Producer Lawrence Kasanoff reveals why you want a Tetris movie, not what it's about

When word got out that the world will soon be graced with a Tetris movie, the general reaction seemed to fall along the lines of "How can anyone make a movie out of Tetris? What would a Tetris movie even be about?" and "Why would anyone want to make a movie out of Tetris?"

Lawrence Kasanoff, one of the film's producers, knows the answers to all of these questions, but he isn't ready to give them all away. As to the "why" of a Tetris movie, however, he's actually got a lot to say—and when Looper hopped on the phone to quiz him about the upcoming production, he was happy to share.

"Are we making a movie with a bunch of blocks running around? No."

Looper: Well, it's probably not going to surprise you that I have the same first question that pretty much everyone else has had: why a film version of Tetris?

Lawrence Kasanoff: "What the hell are you doing?" [Laughs] So first of all, I've got to say, we could not be more delighted with what's going on, because we are told by our publicist that this announcement alone is now at over 2 billion impressions worldwide, and that's not counting China and it's not counting Twitter or Facebook. And it's growing!

You know, whenever people say to me, "Oh, my God, how the hell are you going to do that, your career's going to be over," this is music to my ears. Because in most of my career, whenever people told me I could never do it, it would never happen, it was crazy—like with Mortal Kombat or Terminator 2 or the first feature-length Lego movie with Universal, before the Warner Brothers movie—I love it, because usually those are the ones that seem to do great. So the fact that everybody's saying this and writing about it and talking about it? That's exactly why we're doing it: because there's something worldwide that interests people about Tetris. And we believe it fulfills this endemic-in-everyone urge to create order out of chaos in the world around them, and that's why everybody is writing about it, that's why everybody's interested in it, and this only confirms that. And that's what the movie's about.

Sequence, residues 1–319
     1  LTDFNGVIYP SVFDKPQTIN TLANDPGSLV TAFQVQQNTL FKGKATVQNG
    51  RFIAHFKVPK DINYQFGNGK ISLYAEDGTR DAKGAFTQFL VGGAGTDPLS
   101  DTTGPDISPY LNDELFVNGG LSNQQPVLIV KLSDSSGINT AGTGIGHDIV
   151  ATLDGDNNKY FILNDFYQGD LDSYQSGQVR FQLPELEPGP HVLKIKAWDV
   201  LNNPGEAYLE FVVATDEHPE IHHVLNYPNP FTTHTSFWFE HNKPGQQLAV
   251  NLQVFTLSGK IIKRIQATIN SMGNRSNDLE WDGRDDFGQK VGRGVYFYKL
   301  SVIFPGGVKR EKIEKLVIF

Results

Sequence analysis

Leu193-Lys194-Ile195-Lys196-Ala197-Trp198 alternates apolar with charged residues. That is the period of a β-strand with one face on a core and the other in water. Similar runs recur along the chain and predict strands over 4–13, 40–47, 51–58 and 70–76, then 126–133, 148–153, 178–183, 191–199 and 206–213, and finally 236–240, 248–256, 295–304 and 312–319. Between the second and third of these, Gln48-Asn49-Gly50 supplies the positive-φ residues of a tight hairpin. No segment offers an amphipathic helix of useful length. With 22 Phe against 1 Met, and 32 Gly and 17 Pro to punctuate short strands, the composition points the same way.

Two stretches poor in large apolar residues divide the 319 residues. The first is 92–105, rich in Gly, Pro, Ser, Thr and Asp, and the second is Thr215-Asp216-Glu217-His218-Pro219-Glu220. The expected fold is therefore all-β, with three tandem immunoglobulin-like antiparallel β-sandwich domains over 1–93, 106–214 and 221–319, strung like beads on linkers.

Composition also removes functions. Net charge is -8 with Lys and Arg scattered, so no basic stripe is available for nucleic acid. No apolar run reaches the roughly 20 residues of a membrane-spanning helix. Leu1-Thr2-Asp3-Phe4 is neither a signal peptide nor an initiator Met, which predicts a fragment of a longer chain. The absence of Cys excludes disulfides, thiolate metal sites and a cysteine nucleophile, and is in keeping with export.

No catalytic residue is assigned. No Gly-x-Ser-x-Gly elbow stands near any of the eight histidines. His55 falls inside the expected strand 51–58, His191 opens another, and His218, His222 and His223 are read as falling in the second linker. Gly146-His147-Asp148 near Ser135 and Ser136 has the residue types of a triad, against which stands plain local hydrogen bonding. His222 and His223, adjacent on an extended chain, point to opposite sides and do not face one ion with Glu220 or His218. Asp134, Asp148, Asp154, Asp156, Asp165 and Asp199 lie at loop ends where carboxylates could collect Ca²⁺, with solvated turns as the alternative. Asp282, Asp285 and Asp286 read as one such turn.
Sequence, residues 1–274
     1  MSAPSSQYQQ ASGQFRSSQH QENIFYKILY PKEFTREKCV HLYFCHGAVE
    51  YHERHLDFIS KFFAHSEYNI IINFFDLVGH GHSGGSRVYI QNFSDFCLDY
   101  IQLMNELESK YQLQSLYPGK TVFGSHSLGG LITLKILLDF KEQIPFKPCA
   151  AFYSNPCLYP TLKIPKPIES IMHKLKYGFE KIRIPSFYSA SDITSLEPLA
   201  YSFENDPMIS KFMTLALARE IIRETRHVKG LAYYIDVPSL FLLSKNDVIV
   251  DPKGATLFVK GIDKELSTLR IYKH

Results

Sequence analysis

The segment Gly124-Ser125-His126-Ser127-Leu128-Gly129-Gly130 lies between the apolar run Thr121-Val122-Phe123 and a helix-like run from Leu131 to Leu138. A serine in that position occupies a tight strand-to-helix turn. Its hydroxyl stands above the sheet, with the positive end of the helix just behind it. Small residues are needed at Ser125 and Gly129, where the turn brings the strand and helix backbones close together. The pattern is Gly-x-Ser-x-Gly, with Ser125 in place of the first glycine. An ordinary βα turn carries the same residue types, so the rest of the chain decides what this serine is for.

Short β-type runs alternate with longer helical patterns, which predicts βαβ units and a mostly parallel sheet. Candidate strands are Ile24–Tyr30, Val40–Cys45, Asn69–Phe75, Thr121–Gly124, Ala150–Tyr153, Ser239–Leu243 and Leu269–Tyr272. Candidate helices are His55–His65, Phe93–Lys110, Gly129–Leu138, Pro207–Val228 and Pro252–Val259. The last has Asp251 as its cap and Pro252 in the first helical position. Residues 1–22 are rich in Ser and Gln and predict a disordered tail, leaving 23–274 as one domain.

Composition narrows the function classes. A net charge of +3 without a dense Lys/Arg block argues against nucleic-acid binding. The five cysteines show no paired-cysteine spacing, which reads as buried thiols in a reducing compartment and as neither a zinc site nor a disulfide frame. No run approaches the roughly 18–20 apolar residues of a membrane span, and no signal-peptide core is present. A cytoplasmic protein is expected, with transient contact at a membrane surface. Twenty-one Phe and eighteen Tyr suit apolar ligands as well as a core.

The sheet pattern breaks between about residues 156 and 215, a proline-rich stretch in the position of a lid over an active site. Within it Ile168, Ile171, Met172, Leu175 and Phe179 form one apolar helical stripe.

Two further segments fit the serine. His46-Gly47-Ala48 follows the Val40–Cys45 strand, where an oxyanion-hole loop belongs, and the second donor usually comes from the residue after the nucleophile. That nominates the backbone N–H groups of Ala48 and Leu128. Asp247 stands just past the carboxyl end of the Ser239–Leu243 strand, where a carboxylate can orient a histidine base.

Now, are we making a movie with a bunch of blocks running around? No. And the fact that people think that, we find it hysterical…and sort of relieving, frankly, because it kind of sets the bar pretty low for me. All I have to do is not make a movie with blocks running around, and I'm already above everybody's expectations! [Laughs] So that's pretty good. But the reason is because everyone worldwide is interested in the fact that we're doing it because they're interested in Tetris, because they love Tetris, because—we believe—they want to create order out of chaos and Tetris enables them to do that.

"I love it when people say, 'How the hell are they going to do this?'"

I'm sure there's a certain percentage of the population who's just wondering, "How the hell are they going to do this, anyway?"

Yeah, but that's great, you know? Like I was saying, I've heard that kind of thing a lot, and I think it's great when people say things like that. It's when people say, "Yeah, that makes perfect sense, no problem, I think that'll go really well," that I go, "Uh, maybe I haven't thought this all the way through." But I love it when people say, "How the hell are they going to do this?" And the jokes people are making about it are funny. We just think it's terrific, because people are interested and engaged, tweeting and talking and writing about it…and that's worldwide, by the way. All over the world! It's great!